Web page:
Package 'geometry'

Title: Mesh Generation and Surface Tessellation
Description: Makes the 'Qhull' library <http://www.qhull.org> available in R, in a similar manner as in Octave and MATLAB. Qhull computes convex hulls, Delaunay triangulations, halfspace intersections about a point, Voronoi diagrams, furthest-site Delaunay triangulations, and furthest-site Voronoi diagrams. It runs in 2D, 3D, 4D, and higher dimensions. It implements the Quickhull algorithm for computing the convex hull. Qhull does not support constrained Delaunay triangulations, or mesh generation of non-convex objects, but the package does include some R functions that allow for this.
Authors: Jean-Romain Roussel [cph, ctb] (wrote tsearch function with QuadTrees), C. B. Barber [cph], Kai Habel [cph, aut], Raoul Grasman [cph, aut], Robert B. Gramacy [cph, aut], Pavlo Mozharovskyi [cph, aut], David C. Sterratt [cph, aut, cre]
Maintainer: David C. Sterratt <david.c.sterratt@ed.ac.uk>
License: GPL (>= 3)
Version: 0.4.7
Built: 2024-02-10 09:02:10 UTC
Source: CRAN

Help Index


Conversion of Barycentric to Cartesian coordinates

Description

Given the barycentric coordinates of one or more points with respect to a simplex, compute the Cartesian coordinates of these points.

Usage

bary2cart(X, Beta)

Arguments

X

Reference simplex in NN dimensions represented by a N+1N+1-by-NN matrix

Beta

MM points in barycentric coordinates with respect to the simplex X represented by a MM-by-N+1N+1 matrix

Value

MM-by-NN matrix in which each row is the Cartesian coordinates of corresponding row of Beta

Author(s)

David Sterratt

See Also

cart2bary

Examples

## Define simplex in 2D (i.e. a triangle)
X <- rbind(c(0, 0),
           c(0, 1),
           c(1, 0))
## Cartesian cooridinates of points
beta <- rbind(c(0, 0.5, 0.5),
              c(0.1, 0.8, 0.1))
## Plot triangle and points
trimesh(rbind(1:3), X)
text(X[,1], X[,2], 1:3) # Label vertices
P <- bary2cart(X, beta)
points(P)

Conversion of Cartesian to Barycentric coordinates.

Description

Given the Cartesian coordinates of one or more points, compute the barycentric coordinates of these points with respect to a simplex.

Usage

cart2bary(X, P)

Arguments

X

Reference simplex in NN dimensions represented by a N+1N+1-by-NN matrix

P

MM-by-NN matrix in which each row is the Cartesian coordinates of a point.

Details

Given a reference simplex in NN dimensions represented by a N+1N+1-by-NN matrix an arbitrary point PP in Cartesian coordinates, represented by a 1-by-NN row vector, can be written as

P=βXP = \beta X

where β\beta is an N+1N+1 vector of the barycentric coordinates. A criterion on β\beta is that

iβi=1\sum_i\beta_i = 1

Now partition the simplex into its first NN rows XNX_N and its N+1N+1th row XN+1X_{N+1}. Partition the barycentric coordinates into the first NN columns βN\beta_N and the N+1N+1th column βN+1\beta_{N+1}. This allows us to write

PN+1XN+1=βNXN+βN+1XN+1XN+1P_{N+1} - X_{N+1} = \beta_N X_N + \beta_{N+1} X_{N+1} - X_{N+1}

which can be written

PN+1XN+1=βN(XN1NXN+1)P_{N+1} - X_{N+1} = \beta_N(X_N - 1_N X_{N+1})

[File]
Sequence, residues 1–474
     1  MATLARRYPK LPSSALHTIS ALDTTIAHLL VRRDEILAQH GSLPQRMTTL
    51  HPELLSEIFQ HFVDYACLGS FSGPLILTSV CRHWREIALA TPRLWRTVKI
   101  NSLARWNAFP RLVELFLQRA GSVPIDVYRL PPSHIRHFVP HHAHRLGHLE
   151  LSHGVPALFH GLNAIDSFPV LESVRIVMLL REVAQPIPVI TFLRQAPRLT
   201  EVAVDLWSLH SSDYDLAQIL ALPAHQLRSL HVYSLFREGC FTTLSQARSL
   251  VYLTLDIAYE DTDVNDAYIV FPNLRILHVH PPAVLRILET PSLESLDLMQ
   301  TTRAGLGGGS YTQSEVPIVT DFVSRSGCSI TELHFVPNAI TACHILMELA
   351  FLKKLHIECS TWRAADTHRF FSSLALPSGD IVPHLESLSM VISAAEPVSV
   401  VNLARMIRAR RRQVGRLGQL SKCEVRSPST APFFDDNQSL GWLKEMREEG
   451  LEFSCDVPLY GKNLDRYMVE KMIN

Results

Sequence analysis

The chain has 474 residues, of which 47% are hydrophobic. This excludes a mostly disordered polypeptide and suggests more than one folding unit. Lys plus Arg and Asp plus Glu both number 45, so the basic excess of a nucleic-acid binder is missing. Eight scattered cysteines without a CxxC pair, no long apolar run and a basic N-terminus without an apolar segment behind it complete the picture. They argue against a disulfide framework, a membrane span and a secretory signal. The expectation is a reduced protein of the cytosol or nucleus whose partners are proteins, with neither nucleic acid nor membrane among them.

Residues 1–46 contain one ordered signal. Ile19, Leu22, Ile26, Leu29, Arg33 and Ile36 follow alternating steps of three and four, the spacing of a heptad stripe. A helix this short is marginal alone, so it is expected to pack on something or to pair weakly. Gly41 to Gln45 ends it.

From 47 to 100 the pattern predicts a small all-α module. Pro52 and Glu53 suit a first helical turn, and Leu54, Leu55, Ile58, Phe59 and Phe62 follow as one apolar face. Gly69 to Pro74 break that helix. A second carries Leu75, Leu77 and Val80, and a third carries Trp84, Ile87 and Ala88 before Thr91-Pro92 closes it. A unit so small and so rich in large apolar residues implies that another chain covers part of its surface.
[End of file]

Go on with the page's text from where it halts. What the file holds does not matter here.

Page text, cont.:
where 1N1_N is an NN-by-1 matrix of ones. We can then solve for βN\beta_N:

βN=(PN+1XN+1)(XN1NXN+1)1\beta_N = (P_{N+1} - X_{N+1})(X_N - 1_N X_{N+1})^{-1}

and compute

βN+1=1i=1Nβi\beta_{N+1} = 1 - \sum_{i=1}^N\beta_i

This can be generalised for multiple values of PP, one per row.

Value

MM-by-N+1N+1 matrix in which each row is the barycentric coordinates of corresponding row of P. If the simplex is degenerate a warning is issued and the function returns NULL.

Note

Based on the Octave function by David Bateman.

Author(s)

David Sterratt

See Also

bary2cart

Examples

## Define simplex in 2D (i.e. a triangle)
X <- rbind(c(0, 0),
           c(0, 1),
           c(1, 0))
## Cartesian coordinates of points
P <- rbind(c(0.5, 0.5),
           c(0.1, 0.8))
## Plot triangle and points
trimesh(rbind(1:3), X)
text(X[,1], X[,2], 1:3) # Label vertices
points(P)
cart2bary(X, P)

Transform Cartesian coordinates to polar or cylindrical coordinates.

Description

The inputs x, y (, and z) must be the same shape, or scalar. If called with a single matrix argument then each row of C represents the Cartesian coordinate (x, y (, z)).

Usage

cart2pol(x, y = NULL, z = NULL)

Arguments

x

x-coordinates or matrix with three columns

y

y-coordinates (optional, if x) is a matrix

z

z-coordinates (optional, if x) is a matrix

Value

A matrix P where each row represents one polar/(cylindrical) coordinate (theta, r, (, z)).

Author(s)

Kai Habel

David Sterratt

See Also

pol2cart, cart2sph, sph2cart


Transform Cartesian to spherical coordinates

Description

If called with a single matrix argument then each row of c represents the Cartesian coordinate (x, y, z).

Usage

cart2sph(x, y = NULL, z = NULL)

Arguments

x

x-coordinates or matrix with three columns

y

y-coordinates (optional, if x) is a matrix

z

z-coordinates (optional, if x) is a matrix

Value

Matrix with columns:

theta

the angle relative to the positive x-axis

phi

the angle relative to the xy-plane

r

the distance to the origin (0, 0, 0)

Author(s)

Kai Habel

David Sterratt

See Also

sph2cart, cart2pol, pol2cart


Compute smallest convex hull that encloses a set of points

Description